Does Mobile Social Mean Print Will Swap Dollars For Nickels?

If all were well, it would be good news. Newspapers have had a bonanza year, as far as stories go, what with Brexit and a change in leadership in one party, a challenge in the other. Then there was the Olympics and Paralympics, not to mention Euro 2016. Instead of ringing in the good times, however, print's slow-motion, painful fall off a cliff gathered momentum this morning as another pair of results show ad revenues and circulations plummeting.

OK -- so the Telegraph Media Group GBP150m writeoff applies to accounts filed at the start of the year, so do not fly in the face of what should have been a good year. However, Trinity Mirror's report that print revenue is down 21% and circulation is down 6% in the third quarter of the year, takes us across what should have been a very good time for the papers.

It's a similar story at the Daily Mail owner, DMGT, which announced at the end of last week that it was cutting 400 jobs after print advertising fell an astonishing 19% in September, having fallen 12% in the 11 months to the end of August. Clearly the start of the new Premier League season, doubt over Brexit and a leadership battle in the Labour party did nothing to slow down print's demise.



So the good news is that digital revenue is up. At Trinity Mirror, digital display is up nearly a quarter, but here is the rub. Print's very sad demise is a little like a guy sitting at an old-fashioned money-counting table. On his left, there are banknotes, on his right, coins. To the right, things look good as fresh deposits bring a larger, shiny heap that everyone's been talking about. On the left, however, just a single note accounts for many coins. No matter how many coins get deposited on the right-hand side, they do not make up for the breeze blowing notes out of the window.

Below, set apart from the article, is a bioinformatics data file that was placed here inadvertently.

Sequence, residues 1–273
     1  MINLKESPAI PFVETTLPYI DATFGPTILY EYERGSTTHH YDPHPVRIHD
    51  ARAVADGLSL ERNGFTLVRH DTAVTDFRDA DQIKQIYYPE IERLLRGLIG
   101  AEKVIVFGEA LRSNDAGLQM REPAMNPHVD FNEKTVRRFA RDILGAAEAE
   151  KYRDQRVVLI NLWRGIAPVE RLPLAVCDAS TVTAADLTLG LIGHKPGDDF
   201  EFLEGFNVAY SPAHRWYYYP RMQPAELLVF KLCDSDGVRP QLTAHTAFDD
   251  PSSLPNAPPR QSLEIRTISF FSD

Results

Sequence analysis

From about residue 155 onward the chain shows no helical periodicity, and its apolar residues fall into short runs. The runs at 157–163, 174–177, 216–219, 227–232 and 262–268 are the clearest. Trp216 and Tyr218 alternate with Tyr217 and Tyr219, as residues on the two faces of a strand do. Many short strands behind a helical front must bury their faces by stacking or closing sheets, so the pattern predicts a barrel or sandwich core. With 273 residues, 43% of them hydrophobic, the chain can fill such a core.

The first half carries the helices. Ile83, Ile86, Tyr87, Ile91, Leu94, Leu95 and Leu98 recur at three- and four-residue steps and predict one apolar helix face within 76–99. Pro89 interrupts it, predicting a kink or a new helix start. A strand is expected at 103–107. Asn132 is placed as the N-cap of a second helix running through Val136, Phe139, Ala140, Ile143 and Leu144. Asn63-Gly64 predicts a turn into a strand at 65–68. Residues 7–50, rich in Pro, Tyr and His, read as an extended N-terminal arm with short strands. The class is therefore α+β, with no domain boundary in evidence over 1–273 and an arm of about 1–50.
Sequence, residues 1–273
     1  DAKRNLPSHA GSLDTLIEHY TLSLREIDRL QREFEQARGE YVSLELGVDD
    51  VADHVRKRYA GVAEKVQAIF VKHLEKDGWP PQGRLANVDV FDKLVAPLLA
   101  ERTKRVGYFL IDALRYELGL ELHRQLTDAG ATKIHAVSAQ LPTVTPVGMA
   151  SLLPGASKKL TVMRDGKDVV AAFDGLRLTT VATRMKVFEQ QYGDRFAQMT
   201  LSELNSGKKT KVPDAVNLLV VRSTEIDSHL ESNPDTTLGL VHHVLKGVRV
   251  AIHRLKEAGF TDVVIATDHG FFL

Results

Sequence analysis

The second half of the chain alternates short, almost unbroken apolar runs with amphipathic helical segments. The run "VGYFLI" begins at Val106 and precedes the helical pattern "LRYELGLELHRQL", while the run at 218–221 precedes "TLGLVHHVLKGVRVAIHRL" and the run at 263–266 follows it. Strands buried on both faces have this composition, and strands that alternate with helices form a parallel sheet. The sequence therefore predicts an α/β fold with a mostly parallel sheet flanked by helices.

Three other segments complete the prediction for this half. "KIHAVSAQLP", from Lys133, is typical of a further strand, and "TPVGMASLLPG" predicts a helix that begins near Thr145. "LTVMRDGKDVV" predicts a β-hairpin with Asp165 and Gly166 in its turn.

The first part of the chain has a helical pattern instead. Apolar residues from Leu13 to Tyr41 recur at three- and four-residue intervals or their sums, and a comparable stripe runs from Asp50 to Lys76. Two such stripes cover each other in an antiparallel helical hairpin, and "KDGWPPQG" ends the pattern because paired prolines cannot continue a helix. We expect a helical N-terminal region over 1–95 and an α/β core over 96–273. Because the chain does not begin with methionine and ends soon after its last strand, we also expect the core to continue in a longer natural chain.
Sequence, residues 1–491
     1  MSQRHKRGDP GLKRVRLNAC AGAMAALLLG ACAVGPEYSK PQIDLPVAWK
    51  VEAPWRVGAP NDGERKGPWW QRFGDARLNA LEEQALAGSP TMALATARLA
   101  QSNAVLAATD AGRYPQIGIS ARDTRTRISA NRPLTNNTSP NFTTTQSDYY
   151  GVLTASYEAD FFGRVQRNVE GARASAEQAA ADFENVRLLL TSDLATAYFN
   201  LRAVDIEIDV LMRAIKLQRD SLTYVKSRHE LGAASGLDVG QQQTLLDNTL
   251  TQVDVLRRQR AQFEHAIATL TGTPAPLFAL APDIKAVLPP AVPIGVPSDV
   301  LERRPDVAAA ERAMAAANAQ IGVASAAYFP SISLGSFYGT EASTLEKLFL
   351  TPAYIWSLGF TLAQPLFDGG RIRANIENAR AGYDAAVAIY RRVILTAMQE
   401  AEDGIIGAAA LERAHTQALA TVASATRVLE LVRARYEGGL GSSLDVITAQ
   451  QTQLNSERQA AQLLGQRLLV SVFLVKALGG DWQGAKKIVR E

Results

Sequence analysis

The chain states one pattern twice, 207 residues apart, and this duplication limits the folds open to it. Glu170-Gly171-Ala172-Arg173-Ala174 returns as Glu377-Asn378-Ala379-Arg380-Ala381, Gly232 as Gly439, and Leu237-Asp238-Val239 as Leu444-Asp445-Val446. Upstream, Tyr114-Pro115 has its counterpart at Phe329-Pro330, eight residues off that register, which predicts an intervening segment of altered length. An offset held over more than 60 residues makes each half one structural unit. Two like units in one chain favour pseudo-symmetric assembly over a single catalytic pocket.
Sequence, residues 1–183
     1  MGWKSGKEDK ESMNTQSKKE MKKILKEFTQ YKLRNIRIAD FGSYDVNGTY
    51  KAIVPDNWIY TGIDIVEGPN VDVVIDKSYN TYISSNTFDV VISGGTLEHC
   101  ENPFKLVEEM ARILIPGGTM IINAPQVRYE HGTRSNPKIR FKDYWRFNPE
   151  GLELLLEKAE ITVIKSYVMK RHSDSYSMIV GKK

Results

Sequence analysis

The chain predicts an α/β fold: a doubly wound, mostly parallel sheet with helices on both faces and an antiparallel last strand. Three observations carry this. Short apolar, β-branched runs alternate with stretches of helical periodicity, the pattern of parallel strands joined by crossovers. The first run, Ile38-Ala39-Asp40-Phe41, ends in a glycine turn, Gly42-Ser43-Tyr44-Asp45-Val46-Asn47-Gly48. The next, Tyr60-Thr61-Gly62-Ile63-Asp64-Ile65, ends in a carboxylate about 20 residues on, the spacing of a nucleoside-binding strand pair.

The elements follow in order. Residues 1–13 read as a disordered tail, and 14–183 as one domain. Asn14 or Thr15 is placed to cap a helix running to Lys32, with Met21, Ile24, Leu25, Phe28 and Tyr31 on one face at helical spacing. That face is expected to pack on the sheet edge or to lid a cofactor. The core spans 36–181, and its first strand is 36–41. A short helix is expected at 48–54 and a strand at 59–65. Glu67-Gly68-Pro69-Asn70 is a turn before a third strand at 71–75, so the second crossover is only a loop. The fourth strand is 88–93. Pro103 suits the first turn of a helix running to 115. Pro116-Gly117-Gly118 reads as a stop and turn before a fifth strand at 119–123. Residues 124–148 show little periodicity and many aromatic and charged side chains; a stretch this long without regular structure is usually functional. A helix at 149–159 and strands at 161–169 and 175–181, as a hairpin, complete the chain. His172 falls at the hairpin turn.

The world of online news has seen newspapers swap dollars for dimes. The trouble is, of course, that news is now entering another stage -- mobile. Here publishers could end up swapping those dimes for nickels as they come face to face with the huge influence of social media, particularly Facebook, as well as start-ups that seem better enabled to quickly package up the news and get it shared widely than brands with a print background.

The truly troubling aspect for print publishers is that routine visits to home pages to search for news under a single brand have plummeted. That means that so has the opportunity to serve curious browsers multiple pages of stories accompanied by ads. The power of social sees people dip in and out of multiple news sources, taking a page from here, another from somewhere else.

If you throw in ad blocking, and consider that one in four male Millennials are estimated to be shunning ads, then you start to see the harsh reality facing print. Don't get me wrong -- as a journalist with print roots, none of this is reported on with anything other than a sense of sadness. But there you have it. No matter how you want the world to be, you'll always find it as it is.

This column was previously published in the London Blog on October 3, 2016.
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